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Eight Steps to an Effective ESD Control Program

Press Office, VersaLogic Corporation, 07/15/20

Electrostatic discharge, or ESD, is the sudden flow of electricity between two objects. ESD occurs after a buildup of static electricity on an object. Electrostatic charge is most commonly created by the contact and separation of two similar or dissimilar materials. For example, a person walking across the floor generates static electricity as shoe soles contact and then separate from the floor surface. An electronic device sliding into or out of a bag generates an electrostatic charge as the device makes multiple contacts and separations with the surface of the bag. As shown in Figure 1, even the seemingly inconsequential act of picking up a poly bag generates more than enough static electricity to cause shock and damage. That's why it's important to set up an effective ESD control program to eliminate the chance of damage.

A complete electrostatic discharge prevention program includes a plan, training, protective equipment, management, and system audits. The following steps provide a framework for establishing an ESD control program:

1. Research and Consult with Experts

Learn all you can about preventing ESD damage at your company. Check with industry groups such as the ESD Association (Rome, NY) and IPC Association (Northbrook, IL). Many engineering and consulting companies also provide specialized expertise. ESD safe product companies can provide good advice, but be aware that they can be biased. As a result, be sure to take your own measurements. See Figure 2 for some suggestions on where to start your research.


Figure 2: ESD Control Program Resources


2. Identify Sensitive Work Areas
Work areas requiring ESD protection include assembly and packaging stations, engineering and testing areas, and anywhere else that unshielded products or components are handled or stored (see Figure 3). To achieve the highest standards, include areas that are not always thought of as requiring ESD protection.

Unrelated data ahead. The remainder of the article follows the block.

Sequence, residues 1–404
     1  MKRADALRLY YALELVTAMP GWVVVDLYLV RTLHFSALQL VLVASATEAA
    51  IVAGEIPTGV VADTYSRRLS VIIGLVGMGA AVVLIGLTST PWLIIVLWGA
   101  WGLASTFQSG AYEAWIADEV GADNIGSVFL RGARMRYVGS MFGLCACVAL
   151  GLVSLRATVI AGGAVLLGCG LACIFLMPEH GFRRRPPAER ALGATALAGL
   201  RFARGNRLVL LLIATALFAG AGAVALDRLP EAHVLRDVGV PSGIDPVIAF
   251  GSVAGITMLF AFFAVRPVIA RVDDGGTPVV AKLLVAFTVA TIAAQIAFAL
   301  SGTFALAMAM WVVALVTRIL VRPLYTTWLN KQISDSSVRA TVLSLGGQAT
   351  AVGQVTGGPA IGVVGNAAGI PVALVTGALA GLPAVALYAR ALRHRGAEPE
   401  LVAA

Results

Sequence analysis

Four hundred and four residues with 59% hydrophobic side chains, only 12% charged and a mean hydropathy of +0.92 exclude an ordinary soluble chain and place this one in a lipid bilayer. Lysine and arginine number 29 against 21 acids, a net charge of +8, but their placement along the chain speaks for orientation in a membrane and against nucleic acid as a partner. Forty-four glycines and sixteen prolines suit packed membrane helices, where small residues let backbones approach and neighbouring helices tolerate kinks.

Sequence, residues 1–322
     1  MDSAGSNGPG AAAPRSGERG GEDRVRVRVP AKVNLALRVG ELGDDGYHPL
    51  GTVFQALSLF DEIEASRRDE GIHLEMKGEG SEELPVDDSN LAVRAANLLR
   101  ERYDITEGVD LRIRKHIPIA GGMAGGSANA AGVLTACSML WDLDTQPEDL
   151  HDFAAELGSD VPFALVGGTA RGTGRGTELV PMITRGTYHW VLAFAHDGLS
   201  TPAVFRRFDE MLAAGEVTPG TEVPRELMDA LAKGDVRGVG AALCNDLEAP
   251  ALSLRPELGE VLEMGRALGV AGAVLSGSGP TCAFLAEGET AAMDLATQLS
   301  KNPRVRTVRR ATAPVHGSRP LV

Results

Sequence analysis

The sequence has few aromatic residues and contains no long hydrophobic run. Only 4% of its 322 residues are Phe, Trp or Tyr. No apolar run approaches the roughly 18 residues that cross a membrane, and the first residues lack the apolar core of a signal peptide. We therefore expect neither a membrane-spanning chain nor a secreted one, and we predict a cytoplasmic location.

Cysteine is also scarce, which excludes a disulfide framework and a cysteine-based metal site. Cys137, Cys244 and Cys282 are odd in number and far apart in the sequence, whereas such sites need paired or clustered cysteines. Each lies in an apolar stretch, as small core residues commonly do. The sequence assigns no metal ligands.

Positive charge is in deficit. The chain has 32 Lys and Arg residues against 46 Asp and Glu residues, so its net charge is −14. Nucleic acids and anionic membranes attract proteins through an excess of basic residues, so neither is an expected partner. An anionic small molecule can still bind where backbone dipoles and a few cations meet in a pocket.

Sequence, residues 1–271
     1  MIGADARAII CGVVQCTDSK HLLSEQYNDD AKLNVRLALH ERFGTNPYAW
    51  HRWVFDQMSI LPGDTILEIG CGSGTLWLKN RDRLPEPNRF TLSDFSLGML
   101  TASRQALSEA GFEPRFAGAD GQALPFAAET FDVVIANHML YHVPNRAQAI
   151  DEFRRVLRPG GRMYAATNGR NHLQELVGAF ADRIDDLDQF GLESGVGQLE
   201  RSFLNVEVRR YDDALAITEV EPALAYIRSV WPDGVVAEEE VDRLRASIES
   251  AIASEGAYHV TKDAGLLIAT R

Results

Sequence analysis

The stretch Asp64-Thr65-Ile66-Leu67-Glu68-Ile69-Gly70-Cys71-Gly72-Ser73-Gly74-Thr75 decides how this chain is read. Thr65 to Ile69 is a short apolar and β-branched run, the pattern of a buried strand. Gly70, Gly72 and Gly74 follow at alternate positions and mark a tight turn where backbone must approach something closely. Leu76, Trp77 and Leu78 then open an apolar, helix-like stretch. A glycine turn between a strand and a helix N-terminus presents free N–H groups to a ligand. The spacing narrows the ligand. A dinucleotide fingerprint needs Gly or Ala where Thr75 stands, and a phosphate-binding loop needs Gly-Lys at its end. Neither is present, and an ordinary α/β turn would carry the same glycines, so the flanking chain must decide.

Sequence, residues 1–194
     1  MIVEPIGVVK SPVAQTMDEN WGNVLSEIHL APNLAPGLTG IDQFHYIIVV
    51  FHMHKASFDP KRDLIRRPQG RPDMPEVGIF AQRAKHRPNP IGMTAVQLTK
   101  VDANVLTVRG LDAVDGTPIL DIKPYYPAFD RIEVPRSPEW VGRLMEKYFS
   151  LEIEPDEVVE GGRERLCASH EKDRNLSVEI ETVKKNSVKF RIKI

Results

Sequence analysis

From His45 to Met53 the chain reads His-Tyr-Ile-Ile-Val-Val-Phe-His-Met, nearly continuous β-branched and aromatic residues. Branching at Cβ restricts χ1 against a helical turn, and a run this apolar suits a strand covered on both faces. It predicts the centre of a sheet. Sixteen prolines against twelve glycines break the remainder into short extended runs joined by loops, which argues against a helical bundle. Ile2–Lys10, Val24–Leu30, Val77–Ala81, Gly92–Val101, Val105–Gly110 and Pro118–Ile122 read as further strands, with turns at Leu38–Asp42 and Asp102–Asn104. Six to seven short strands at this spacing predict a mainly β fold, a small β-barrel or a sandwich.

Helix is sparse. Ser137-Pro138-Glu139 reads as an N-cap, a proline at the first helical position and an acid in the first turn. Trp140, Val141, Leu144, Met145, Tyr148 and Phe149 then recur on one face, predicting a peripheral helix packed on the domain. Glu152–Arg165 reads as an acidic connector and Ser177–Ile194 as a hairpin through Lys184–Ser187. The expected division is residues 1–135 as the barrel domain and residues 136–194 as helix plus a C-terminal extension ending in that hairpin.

Figure 3: Typical Facility Areas Requiring ESD Protection

  • Receiving
  • Inspection
  • Stores and warehouses
  • Assembly
  • Test and inspection
  • Research and development
  • Packaging
  • Field service repair
  • Offices and laboratories
  • Clean rooms

3. Identify the Sources of ESD within Work Areas
Non-conductive materials such as plastic parts, tape, cardboard and Styrofoam are common sources of ESD. High voltage items like computer monitors or laser printer paper also generate static charges. Measuring ESD levels with a static meter will show problem areas and items.

4. Establish the Level of Protection Required for Each Work Area
Areas with high static generation may require special solutions, even when ESD-sensitive components are not handled directly. For instance, a plastic injection molding plant may have static levels high enough to require a wireless keyboard and mouse for each computer to prevent ESD damage from occurring through the I/O cables.

5. Develop a Plan
The ESD Control Program Plan should include the tasks, activities and procedures necessary to adequately protect sensitive components and systems. Prepare written procedures and specifications that clearly communicate roles and responsibilities. The plan must include guidelines for personnel training, verification that the plan is being followed, and a list of the technical requirements and ESD protective products approved for use in the program.